How much will the latest rise in the National Living Wage cost you in this coming fiscal year and how much extra will it add to your weekly bed cost?
In this post I will recap the financial impact of last year’s rise of 6.2%, the financial impact of this month’s rise and the cumulative impact if you didn’t increase your fees (whether for new clients or when reviewing current clients) last year.
These national wage rises account for your biggest annual cost increase by far (before coronavirus struck) and, as you well know, there is a plan to continue these increases to 2024. The overall financial impact on your care home will be crippling if you don’t address this.
Read on and download a free tool to assess the financial impact on your care home.
Last April the NLW rose by 6.2% taking this hourly rate from £8.21 to £8.72.
For a 30-bed nursing home, with an overall staff cost of £90,000 a month, an overall 6.2% rise will have added £5,580 a month to the overall staff costs and increased its annual staff bill by around £67,890.
Of course, all of your staff won’t increase by 6.2% but for simplicity’s sake I’ll use these NLW rates for all staff in these examples.
That’s £1,302 a week, which depending on this home’s client type, is the equivalent to between 1 and almost 2 bed fees.
That’s an immediate loss of 1 or 2 equivalent beds if they didn’t address this with fee increases.
If this was a 50-bed nursing home with a monthly staff cost of £150,000 then the monthly increase would have been £9,300 or £2,170 a week.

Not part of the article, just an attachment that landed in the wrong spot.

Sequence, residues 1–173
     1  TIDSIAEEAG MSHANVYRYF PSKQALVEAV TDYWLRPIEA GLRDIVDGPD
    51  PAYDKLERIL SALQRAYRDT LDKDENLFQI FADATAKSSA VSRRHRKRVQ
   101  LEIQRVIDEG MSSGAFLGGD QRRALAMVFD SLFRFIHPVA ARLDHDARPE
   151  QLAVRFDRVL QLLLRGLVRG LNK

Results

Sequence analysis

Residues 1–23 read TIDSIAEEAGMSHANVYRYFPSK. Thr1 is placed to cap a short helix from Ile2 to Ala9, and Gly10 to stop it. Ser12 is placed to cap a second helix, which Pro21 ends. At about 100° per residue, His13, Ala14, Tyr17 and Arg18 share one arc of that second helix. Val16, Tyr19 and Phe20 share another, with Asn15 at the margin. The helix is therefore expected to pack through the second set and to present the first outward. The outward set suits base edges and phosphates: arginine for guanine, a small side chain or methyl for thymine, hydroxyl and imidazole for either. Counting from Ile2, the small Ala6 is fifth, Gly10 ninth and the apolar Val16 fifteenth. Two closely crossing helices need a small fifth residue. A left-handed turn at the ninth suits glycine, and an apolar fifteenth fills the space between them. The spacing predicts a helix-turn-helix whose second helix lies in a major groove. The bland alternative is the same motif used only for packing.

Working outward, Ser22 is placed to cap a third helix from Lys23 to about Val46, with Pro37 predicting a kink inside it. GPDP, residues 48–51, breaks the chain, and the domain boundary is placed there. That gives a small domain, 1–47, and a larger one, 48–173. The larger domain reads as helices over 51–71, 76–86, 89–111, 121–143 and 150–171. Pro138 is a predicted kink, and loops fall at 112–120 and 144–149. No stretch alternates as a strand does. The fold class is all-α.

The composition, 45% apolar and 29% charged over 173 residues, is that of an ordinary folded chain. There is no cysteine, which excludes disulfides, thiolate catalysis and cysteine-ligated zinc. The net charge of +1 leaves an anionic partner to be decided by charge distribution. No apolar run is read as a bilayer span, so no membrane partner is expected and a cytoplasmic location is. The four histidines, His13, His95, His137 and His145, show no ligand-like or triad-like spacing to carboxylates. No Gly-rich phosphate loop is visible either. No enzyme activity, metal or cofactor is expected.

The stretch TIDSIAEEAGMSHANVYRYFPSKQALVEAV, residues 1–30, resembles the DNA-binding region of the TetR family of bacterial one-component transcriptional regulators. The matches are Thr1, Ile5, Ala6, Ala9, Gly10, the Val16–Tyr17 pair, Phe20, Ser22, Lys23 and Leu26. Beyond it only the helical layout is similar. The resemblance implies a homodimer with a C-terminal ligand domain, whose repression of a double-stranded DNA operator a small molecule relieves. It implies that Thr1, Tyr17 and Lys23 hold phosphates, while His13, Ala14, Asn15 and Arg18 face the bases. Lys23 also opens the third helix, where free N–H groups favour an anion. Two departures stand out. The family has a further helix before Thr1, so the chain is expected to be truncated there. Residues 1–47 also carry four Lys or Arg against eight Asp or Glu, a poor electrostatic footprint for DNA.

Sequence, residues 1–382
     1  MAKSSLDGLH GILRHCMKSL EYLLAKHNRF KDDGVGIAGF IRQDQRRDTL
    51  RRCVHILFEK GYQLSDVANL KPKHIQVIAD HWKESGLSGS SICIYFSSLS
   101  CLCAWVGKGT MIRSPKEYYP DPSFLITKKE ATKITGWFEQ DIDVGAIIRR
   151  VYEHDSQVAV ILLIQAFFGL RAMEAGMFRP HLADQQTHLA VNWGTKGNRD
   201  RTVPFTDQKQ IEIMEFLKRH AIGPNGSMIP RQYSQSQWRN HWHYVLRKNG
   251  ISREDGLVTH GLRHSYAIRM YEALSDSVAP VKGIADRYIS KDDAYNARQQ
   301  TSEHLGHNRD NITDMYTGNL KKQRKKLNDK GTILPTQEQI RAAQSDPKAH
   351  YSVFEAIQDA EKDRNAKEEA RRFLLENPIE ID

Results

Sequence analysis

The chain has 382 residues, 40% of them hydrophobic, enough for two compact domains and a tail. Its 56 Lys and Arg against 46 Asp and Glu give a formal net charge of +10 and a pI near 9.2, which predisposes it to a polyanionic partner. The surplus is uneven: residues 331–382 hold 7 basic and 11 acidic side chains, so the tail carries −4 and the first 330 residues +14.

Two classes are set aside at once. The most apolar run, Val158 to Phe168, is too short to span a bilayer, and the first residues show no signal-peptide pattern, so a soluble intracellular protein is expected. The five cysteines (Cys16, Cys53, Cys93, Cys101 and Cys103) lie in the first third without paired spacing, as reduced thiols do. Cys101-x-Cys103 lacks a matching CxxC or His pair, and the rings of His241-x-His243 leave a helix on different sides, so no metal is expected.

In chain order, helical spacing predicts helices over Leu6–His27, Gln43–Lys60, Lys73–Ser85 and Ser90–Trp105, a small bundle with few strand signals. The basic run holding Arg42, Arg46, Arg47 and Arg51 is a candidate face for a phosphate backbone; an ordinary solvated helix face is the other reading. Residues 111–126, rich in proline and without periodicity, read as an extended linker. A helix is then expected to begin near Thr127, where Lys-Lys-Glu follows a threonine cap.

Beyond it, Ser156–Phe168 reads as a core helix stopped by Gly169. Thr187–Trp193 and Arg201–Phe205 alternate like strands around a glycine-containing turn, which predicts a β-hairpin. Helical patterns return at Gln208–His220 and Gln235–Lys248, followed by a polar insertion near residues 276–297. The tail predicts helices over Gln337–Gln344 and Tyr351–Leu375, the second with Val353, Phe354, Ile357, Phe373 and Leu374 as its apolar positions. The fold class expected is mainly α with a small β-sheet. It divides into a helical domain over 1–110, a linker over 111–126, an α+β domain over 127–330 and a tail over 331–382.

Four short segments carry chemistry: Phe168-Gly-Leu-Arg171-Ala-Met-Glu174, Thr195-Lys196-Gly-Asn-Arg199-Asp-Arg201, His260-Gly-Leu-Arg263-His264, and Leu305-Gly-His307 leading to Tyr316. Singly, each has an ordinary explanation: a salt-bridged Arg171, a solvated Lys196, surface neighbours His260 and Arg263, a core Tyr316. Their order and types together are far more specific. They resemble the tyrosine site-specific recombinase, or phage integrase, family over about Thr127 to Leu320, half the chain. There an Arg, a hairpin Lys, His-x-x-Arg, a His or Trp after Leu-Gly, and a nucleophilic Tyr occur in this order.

The annual increase would have been £113,150. This is cost off their bottom-line.
According to LaingBuisson, the average bed fees paid nursing homes in England in 2020 was £764. If these example nursing homes were on these average fees, then last year’s NLW rise cost rise is the equivalent of nearly 2 bed fees for the 30-bed nursing home and nearly 3 bed fees for the 50-bed home.
For balance, I also calculated for a 30-bed and a 50-bed residential home with a monthly staff cost of £55,000 and £84,000 respectively.
Based on these figures, the 30-bed residential home’s weekly staff cost increases by £796 and the 50-bed by £1,215 a week.
According to LaingBuisson, the average fees paid to residential care homes in England in 2020 was £596. This 30-bed home’s staff increase cost is the equivalent of 1.33 beds and for the 50-bed home, the equivalent of 2 bed fees.
When you see numbers worked out like this, I hope you see just how much of a financial impact these annual rises can have and how important it is that you work this out for your care home.
If you did work this out for your care home, did you then work out how much you need to increase your fees by to cover this extra cost?
Did you increase your fees, for new clients and during client reviews, that included your increased costs? If you didn’t then what percentage of last year’s profit did you lose to this extra cost?
Now that the NLW has increased again, how much more will your staff costs increase by?